"That would have been good a few years ago, when we weren't doing it, but now it's going to have to be 'ARC-plus,' where we're committing additional millions on top of the full ARC payment," Carroll said. "We obviously can't get that kind of money out of the existing budget, so we'd need to find some other revenue source, whether it's taxes or gambling or something else. Otherwise, this is the sword of Damocles hanging over Kentucky's economy."
Curtis: A line of credit
Curtis, a Versailles man who founded the news aggregation website Fark.com, can't be accused of glossing over the pension debt. He says he nearly dropped out of the race in horror when he grasped the problem's enormity.
"If no solution to the underfunded pension system is put in place in 2016, the next governor will preside over the worst economic apocalypse the commonwealth has ever experienced," Curtis wrote on his campaign website. "Worse than 2008, worse than the Great Depression. It will bankrupt the state and set growth back for a generation."
Like Carroll, whom he consulted, Curtis favors an "ARC-plus" strategy for Kentucky Retirement Systems: Let the state contribute 110 percent of the required funding level to KRS over the next 20 years. Don't touch the pension funds during this time, Curtis says; let them remain invested and earning returns. To keep pension checks going out, Curtis says the state could borrow $5 billion through a pension bond, but structured as a line of credit that could be tapped in segments as necessary, to minimize the interest owed on it.
"This proposed plan only fixes (KRS)," Curtis notes on his campaign website. "Kentucky Teachers' Retirement System is also in dire shape. We have a few more years of wiggle-room on KTRS, but it also must be funded soon to prevent disaster. I would propose a modified form of the (KRS) fix."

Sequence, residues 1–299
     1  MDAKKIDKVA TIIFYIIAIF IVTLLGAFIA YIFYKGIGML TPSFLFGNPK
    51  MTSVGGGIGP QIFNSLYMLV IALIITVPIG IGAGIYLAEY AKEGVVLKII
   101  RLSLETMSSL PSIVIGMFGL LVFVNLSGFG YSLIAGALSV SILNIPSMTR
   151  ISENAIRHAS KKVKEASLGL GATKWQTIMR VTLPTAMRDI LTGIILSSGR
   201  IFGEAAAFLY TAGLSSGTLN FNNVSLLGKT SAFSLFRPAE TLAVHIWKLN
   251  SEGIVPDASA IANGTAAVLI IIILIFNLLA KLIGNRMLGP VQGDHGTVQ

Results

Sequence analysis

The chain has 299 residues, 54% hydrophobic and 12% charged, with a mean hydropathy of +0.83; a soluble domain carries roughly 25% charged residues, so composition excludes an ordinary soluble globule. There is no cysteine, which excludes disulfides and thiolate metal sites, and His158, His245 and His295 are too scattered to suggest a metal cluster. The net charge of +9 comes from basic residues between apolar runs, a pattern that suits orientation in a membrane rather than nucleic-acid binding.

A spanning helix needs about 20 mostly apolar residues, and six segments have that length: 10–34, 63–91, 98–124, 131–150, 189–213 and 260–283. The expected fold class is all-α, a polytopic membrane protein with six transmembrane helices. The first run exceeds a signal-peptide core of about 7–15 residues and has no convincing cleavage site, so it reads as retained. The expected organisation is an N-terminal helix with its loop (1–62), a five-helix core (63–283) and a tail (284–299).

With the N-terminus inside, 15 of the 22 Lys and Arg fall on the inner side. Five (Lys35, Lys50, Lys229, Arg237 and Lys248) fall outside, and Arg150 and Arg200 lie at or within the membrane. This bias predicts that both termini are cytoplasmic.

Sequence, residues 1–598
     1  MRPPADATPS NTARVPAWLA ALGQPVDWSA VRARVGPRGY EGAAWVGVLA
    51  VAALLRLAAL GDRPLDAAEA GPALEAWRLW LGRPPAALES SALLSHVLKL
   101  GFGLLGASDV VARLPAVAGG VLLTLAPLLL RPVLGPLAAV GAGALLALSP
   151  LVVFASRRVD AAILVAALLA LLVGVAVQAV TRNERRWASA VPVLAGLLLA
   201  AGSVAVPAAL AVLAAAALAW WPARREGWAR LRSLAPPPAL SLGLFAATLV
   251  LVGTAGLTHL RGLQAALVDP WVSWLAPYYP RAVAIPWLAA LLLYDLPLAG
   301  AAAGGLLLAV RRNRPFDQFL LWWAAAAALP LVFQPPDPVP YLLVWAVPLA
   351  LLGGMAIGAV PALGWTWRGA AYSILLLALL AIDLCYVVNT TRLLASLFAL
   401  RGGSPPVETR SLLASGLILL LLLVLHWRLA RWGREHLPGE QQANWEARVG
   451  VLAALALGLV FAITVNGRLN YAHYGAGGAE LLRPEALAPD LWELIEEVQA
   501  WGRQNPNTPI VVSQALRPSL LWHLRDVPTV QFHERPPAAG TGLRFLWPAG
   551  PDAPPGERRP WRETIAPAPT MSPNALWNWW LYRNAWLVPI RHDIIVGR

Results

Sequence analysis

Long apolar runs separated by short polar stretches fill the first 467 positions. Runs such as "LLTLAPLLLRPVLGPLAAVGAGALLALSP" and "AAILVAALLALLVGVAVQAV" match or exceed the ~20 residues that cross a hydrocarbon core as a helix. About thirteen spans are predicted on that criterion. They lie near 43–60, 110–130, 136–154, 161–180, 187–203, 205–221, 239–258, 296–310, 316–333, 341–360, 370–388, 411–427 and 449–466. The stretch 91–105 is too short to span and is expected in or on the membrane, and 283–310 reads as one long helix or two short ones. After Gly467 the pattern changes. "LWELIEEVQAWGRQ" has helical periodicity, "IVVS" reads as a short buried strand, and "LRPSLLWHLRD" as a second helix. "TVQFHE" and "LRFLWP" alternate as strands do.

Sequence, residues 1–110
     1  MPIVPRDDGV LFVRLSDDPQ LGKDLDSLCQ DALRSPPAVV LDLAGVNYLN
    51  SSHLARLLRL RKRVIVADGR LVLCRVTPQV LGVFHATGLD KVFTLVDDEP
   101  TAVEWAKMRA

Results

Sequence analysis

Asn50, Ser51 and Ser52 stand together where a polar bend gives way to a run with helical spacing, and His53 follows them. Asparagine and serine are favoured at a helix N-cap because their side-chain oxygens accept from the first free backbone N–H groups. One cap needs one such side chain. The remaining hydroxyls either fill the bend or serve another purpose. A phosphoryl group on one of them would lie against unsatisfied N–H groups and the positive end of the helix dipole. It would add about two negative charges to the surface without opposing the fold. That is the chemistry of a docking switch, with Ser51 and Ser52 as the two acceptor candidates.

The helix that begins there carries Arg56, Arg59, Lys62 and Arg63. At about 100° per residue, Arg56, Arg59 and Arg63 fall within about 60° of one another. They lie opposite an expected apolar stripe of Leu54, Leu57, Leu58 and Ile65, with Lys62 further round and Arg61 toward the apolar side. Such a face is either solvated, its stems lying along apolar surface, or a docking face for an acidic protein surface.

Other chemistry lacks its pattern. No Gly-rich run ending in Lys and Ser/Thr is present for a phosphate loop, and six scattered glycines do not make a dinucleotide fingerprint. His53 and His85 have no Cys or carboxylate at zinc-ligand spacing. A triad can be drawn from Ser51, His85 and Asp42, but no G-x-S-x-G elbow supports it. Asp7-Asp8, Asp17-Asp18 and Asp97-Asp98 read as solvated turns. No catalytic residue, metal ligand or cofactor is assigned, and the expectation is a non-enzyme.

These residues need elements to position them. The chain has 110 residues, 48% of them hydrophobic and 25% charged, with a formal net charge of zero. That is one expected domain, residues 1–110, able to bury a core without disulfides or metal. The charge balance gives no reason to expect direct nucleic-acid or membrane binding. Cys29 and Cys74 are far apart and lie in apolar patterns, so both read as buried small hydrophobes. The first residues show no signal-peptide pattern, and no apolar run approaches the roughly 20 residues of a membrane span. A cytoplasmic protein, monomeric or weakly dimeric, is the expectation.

Curtis says he supports an eventual switch to 401(k) plans for public employees, but not until the existing retirement systems are sufficiently funded, so that removing future hires and their paycheck withholding wouldn't "bankrupt the system faster."
He also pledges to issue executive orders that would expand the Kentucky Open Records Act to every portion of Kentucky Retirement Systems and the Kentucky Teachers' Retirement System. At present, state law allows the retirement systems to keep much of their information private, including details about their hundreds of millions of dollars in payments to investment managers and their much smaller pension payouts to individual retirees. Both systems are being sued this year by members demanding more information about their internal finances.
Pension watchdogs say they appreciate Curtis' ARC-plus approach, but they're not sure they understand his proposal for a $5 billion credit line or how it would be enough to cover monthly checks while leaving the KRS pension funds untouched for 20 years. KRS sends out $1.8 billion in payments every year. Paying off the pension debt would take a much bigger bite out of the state budget than even Curtis seems to realize, they say.
"None of the math works for any of these three guys, when you come right down to it," said Tobe, the former KRS board member.